I’m having a problem with high relative humidity on the upper floors of my home just outside of Boston, MA. The home built in 2014 has about 6000sqft of conditioned space. It’s insulated with a mix of closed cell foam (basement walls, band joists), open cell foam (exterior walls, rim joists, and attic rafters) and fiberglass batts (exterior walls).
The relative humidity in the basement has been hovering around 45% with a pretty steady temperature around 68 degrees. The first floor ranges from about 45-50% RH with a temperature around 71. The second floor ranges from 55-70% with a temperature around 70. The third floor is similar to the second floor, but occasionally has a lower RH than the second floor which seems odd to me. This is also part of the reason why I’m going to sanity check the thermostat RH values (see below). For reference the square footage of each floor is roughly 1500, 1500, 2100 and 800.
I’m measuring humidity via my Ecobee thermostats. I’m questioning how accurate these are, so I have ordered a hygrometer and calibration device from Amazon to sanity check that the thermostats are accurate. I’ve read some reports on forums where many people complain about the accuracy of the Ecobees RH reading.
The house is tight. According to the HERS report I received when I purchased the home it is rated at 1.7 ACH50. Unfortunately the builder choose to not install a whole house ventilation system. Instead he choose to use bathroom exhaust fans on the second floor (at opposite sides of the house) to run continuously to ventilate the house. One of the fans runs at 50cfm and the other runs at 40cfm. These values are the ones configured on the fan, not an actual measurement so I suspect the actual cfm rating is less due to duct runs, etc.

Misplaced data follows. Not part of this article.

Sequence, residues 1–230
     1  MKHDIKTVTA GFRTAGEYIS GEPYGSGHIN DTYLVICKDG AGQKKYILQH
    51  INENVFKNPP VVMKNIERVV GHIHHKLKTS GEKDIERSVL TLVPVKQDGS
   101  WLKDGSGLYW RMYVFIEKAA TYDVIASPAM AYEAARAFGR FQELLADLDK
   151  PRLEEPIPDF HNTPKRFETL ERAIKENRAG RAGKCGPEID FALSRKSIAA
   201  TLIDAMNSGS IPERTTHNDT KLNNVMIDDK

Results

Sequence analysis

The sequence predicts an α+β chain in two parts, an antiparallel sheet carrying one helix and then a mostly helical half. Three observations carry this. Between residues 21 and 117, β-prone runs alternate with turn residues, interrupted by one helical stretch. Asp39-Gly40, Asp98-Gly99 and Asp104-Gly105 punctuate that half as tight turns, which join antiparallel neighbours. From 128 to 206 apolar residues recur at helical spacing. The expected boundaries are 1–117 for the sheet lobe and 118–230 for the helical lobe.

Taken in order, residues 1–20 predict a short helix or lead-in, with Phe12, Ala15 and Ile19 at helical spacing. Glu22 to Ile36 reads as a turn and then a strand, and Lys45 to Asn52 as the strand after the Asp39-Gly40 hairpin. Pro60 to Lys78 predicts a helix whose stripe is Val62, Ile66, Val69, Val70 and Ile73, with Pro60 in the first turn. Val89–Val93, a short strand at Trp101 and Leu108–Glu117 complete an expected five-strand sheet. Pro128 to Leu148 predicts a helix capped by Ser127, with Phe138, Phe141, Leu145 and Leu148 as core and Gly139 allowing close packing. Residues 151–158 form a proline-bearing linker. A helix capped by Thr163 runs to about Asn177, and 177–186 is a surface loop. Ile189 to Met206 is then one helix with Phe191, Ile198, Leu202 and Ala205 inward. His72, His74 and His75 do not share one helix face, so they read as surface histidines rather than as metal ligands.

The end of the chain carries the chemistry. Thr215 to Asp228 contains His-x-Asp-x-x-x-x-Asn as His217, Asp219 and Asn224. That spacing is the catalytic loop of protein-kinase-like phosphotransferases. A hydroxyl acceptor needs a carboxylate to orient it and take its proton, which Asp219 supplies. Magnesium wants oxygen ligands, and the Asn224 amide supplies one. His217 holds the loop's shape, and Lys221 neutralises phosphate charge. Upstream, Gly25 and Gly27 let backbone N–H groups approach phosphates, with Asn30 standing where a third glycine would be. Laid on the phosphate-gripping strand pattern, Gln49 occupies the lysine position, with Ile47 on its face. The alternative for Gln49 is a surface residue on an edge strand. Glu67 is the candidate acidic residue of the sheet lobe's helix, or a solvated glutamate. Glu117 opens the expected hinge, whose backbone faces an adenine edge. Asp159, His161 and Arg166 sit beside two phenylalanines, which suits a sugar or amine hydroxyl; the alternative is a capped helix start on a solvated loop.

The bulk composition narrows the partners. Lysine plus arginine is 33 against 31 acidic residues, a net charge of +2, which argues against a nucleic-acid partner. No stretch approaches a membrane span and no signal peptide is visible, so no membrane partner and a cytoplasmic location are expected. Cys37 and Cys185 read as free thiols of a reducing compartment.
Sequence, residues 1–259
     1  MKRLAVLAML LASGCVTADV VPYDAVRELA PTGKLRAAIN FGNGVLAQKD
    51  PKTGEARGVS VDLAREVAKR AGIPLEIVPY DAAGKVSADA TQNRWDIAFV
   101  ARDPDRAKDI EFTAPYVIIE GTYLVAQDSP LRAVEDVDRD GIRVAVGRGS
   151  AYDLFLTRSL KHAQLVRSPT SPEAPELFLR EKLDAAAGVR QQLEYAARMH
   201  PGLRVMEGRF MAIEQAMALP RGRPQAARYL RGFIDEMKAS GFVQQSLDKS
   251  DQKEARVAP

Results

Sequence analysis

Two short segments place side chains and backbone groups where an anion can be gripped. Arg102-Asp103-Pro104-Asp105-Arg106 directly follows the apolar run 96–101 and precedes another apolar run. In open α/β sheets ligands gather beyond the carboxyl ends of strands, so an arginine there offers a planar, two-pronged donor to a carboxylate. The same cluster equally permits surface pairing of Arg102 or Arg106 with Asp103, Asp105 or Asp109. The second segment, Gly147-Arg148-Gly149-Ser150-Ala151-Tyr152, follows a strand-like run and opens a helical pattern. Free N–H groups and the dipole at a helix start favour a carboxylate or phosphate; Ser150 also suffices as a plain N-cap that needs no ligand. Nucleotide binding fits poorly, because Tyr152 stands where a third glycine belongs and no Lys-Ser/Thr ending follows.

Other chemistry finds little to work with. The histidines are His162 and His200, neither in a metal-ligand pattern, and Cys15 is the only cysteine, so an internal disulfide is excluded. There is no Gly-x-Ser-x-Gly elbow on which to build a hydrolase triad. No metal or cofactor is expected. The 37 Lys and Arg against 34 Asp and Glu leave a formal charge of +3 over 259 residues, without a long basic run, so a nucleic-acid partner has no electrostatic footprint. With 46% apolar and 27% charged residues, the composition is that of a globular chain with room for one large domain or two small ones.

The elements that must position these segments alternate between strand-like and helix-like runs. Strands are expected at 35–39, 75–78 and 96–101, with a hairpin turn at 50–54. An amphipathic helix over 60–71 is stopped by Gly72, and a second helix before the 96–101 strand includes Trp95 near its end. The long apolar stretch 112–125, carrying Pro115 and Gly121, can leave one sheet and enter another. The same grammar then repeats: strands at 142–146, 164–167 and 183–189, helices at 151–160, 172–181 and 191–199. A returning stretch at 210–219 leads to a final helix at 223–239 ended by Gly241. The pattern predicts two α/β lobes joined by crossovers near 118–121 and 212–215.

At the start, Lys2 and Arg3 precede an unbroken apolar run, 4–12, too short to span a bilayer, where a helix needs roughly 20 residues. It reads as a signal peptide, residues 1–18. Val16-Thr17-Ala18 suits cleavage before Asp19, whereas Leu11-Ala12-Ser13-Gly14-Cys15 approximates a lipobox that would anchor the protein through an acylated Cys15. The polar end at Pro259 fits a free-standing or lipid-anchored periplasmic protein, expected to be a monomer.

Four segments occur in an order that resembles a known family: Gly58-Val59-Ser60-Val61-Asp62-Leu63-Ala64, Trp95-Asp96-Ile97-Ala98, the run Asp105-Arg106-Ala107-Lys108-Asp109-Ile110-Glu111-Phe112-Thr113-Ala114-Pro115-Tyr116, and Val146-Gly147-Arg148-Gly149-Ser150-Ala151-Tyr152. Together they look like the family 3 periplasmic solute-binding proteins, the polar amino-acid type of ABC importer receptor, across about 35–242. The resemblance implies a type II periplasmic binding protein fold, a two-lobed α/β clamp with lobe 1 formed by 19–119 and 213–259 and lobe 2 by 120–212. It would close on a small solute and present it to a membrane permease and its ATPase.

I suspect the root cause of my humidity problem is that the exhaust fans are drawing in humid air in from outside and the AC doesn’t remove enough moisture from the air.
My current thinking is that a proper whole house ventilation (an ERV) system will solve this problem and probably improve the indoor air quality of the home. However, I’m looking for differential diagnosis from the experts here. Assuming the RH measurements are accurate, is there something else that could be causing this problem? I’ve inspected the second floor for leaks and can’t seem to find anything. I’ve also checked the dryer vent pipe to ensure it’s secure and not clogged.
Assuming my theory is accurate, is the best temporary course of action (until I get some contractors to inspect and estimate for an ERV) to run a dehumidifier on the second floor and reduce the CFM settings of the continuously running exhaust fans to help limit the amount of moisture drawn into the house? Would it make more sense to only run the exhaust fans in the basement? Operating under the assumption that drawing air into the house from the lower level would draw in (hopefully?) cooler, less moist air? As compared to the second floor fans which perhaps are drawing in warmer, moister air.
GBA Detail Library
A collection of one thousand construction details organized by climate and house part